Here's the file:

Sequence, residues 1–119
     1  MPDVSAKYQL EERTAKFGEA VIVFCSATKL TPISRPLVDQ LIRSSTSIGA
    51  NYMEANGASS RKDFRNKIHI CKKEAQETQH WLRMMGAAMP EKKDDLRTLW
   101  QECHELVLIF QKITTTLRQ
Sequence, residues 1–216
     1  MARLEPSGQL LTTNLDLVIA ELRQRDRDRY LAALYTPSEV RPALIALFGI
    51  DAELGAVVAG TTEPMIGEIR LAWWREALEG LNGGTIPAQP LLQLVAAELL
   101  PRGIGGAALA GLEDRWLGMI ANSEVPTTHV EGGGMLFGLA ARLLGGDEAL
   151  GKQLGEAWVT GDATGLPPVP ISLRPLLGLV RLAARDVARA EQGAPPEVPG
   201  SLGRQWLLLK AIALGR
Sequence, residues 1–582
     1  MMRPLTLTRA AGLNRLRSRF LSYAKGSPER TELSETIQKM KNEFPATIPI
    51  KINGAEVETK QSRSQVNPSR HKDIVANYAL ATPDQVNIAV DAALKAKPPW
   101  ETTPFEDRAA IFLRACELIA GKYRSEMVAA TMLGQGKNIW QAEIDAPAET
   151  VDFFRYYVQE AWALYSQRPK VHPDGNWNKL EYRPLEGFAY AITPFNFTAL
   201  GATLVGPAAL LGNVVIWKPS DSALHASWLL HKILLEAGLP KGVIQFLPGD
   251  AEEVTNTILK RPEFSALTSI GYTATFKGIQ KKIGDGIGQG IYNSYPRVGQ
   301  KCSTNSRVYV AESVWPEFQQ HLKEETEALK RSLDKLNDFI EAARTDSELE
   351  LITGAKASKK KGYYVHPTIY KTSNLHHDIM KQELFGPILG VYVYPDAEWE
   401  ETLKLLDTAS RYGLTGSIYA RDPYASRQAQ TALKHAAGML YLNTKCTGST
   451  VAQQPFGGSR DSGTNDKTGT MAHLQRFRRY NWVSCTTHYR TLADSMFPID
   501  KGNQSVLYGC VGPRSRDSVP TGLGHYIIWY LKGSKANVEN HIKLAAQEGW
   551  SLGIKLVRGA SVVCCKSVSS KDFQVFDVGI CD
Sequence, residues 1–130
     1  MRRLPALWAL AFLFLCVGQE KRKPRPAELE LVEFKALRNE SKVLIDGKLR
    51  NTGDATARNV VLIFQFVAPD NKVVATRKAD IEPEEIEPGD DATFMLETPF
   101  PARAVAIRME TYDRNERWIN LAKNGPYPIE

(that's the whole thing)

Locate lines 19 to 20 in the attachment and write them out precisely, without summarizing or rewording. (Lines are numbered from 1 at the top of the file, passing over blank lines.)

   351  LITGAKASKK KGYYVHPTIY KTSNLHHDIM KQELFGPILG VYVYPDAEWE
   401  ETLKLLDTAS RYGLTGSIYA RDPYASRQAQ TALKHAAGML YLNTKCTGST